Hello! My name is Danielle and I was diagnosed with Classical Homocystinuria through the Newborn Screening Program in New York City. My parents remember receiving a call from the hospital saying that I needed to be brought back to the hospital or they would be reported to Children Services. Being that I am the last born in my family, this was certainly shocking information. When asking my mother about her reaction; she says she was numb since it was something she never heard of and could not figure out an instant fix. When asking my father about his reaction he remembers being in denial and angry due to the latency of the results. Being born in an advancedhospital and having both parents employed there definitely contributed to the indescribable medical care I immediately received. I became a patient of Dr. Selma Elenore Snyderman; an early pioneer of metabolic disorders. The support and care she provided has laid foundations, brought peace, and referrals to key contributors in the homocystinuria field for my past and present medical care. Presently, I live in Orlando, FL and travel to New Brunswick, NJ for medical care with Dr. Debra Day-Salvatore.
Having a strong medical team allowed my parents to provide care and transfer skills confidently. We were so confident that we moved to the Poconos in PA. The Poconos is made up of 4 small cities,1 state road and 1 highway; it was quite a change! We would commute back to NYC for medical care. My mother worked at the local hospital that had no idea of any metabolic disorder but given odds we always felt safe and had an emergency plan. I lived in the Poconos for over 20 years and only had 1 complication due to HCU – heart palpitations. I had them once as a child and twice as an adult. As a young adult my palpitations were due to non-compliance. That event was enough for me to overhaul my lifestyle.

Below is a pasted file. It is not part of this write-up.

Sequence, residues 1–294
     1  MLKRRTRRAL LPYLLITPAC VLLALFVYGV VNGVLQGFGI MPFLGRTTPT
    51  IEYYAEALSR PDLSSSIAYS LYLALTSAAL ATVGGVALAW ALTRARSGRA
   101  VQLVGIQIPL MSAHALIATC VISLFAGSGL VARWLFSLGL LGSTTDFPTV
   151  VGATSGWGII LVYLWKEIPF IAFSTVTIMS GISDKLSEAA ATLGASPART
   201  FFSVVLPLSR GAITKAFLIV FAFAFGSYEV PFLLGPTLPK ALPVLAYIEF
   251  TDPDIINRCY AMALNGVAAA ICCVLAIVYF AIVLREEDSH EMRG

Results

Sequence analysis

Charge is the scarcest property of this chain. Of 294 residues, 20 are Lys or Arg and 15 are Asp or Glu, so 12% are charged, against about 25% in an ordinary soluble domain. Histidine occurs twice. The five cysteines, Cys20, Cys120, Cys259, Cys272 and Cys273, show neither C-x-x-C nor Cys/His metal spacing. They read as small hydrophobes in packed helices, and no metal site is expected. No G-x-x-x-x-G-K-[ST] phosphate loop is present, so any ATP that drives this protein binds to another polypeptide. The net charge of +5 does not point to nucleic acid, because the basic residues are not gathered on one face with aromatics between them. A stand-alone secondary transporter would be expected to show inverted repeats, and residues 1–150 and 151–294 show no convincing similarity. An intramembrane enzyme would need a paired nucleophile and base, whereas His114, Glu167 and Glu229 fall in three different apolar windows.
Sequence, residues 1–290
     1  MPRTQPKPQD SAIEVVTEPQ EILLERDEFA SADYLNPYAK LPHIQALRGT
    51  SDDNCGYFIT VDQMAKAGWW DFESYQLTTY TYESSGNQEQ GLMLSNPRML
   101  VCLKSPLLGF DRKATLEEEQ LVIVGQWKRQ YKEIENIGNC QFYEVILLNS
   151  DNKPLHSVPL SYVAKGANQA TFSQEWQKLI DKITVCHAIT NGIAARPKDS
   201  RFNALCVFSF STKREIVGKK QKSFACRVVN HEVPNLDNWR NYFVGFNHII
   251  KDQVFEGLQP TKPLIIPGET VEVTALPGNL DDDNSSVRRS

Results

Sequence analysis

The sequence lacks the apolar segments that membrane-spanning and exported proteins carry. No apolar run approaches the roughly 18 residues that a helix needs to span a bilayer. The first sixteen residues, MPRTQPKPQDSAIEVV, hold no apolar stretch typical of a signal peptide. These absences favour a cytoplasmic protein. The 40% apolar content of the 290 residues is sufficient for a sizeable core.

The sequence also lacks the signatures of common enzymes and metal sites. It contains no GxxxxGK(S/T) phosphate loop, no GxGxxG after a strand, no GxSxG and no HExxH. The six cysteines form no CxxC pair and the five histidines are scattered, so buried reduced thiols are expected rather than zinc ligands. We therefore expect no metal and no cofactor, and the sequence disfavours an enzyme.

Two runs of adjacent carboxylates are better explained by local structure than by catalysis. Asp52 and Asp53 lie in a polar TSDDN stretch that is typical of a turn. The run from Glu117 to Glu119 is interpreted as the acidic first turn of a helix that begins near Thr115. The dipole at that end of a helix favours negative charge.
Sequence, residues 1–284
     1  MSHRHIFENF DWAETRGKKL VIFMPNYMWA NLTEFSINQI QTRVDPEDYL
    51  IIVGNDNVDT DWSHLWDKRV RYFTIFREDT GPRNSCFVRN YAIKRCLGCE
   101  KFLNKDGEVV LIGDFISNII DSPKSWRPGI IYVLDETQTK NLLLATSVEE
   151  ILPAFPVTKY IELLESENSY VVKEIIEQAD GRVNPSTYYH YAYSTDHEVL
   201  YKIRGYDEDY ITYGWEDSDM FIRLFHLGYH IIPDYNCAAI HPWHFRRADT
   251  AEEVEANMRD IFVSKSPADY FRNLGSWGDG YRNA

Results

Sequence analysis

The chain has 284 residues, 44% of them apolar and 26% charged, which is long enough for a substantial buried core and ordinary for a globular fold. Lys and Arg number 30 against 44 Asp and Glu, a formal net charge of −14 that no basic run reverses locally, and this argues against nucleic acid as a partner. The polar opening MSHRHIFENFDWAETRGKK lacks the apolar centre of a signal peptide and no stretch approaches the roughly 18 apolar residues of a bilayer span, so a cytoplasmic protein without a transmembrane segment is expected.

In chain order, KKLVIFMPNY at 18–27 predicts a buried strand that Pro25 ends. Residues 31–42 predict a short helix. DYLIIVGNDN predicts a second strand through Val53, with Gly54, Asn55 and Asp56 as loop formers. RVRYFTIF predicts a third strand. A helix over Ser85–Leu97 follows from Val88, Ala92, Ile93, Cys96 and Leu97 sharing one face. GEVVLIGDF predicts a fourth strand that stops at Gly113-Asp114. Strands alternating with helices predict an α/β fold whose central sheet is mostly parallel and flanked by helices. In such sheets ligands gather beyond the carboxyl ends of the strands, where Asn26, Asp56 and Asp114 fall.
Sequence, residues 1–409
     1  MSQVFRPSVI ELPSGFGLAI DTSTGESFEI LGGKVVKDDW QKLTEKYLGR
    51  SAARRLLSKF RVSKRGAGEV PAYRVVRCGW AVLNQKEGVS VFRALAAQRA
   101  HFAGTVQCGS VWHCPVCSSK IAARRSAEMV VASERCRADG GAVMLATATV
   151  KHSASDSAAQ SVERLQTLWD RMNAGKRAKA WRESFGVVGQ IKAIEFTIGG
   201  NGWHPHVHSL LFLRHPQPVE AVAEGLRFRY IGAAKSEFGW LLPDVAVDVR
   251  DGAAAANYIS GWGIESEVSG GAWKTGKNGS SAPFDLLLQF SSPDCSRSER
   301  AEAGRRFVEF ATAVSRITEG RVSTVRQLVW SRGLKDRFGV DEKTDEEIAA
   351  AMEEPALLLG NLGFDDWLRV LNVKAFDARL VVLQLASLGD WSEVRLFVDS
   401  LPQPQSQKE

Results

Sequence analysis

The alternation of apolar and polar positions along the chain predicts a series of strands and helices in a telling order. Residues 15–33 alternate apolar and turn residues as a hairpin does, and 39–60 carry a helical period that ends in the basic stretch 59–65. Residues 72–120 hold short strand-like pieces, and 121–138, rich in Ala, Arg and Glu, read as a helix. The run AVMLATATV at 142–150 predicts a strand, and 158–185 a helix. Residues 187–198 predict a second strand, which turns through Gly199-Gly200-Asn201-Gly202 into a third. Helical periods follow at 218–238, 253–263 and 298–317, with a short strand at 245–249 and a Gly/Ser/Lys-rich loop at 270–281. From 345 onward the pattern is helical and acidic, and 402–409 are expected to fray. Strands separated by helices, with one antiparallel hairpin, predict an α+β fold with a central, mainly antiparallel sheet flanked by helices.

While having HCU is all I know, I became deeply vested in my medical care when I was in the hospital on New Years Day for heart palpitations. I will never forget sitting in the hospital in the Poconos and everyone was uncomfortable to give care due to me having HCU. The medical consensus was to monitor and send me home once stabilized. From that day on I realized that I am my biggest advocate. While I have never stayed the night in a hospital or experienced grave complications attributed to HCU, this event motivated me to make it my mission to advocate for myself and the community.
Due to grace and quality care, HCU has never prevented me from anything I set my mind to accomplish. I had a highly active childhood (ballet, horseback riding, ice skating, and more). I proceeded to attend East Stroudsburg University of PA and received a Bachelor of Science, Bachelor of Arts, Master of Education and become a certified Spanish Translator.
I have an amazing support system: My parents – Frank & Francine, siblings (Dorothy, Vernette, Andre, Frederick), my husband (Irving) and 3 son’s (Irving, Julian and Christian), and my extended sisters/best friends Avery and Sarah who all advocate for awareness and make HCU seem as normal as having 2 hands.
Originally, I was not comfortable with sharing my story as I thought it would be boring. After writing, I have to say that it is more of a blessing than bore. Having all these new treatments on the horizon makes it a vibrant time to be living with HCU. My advice to parents: Never stop transferring your amazing skills and care and for my HCU rare warriors; never stop advocating…..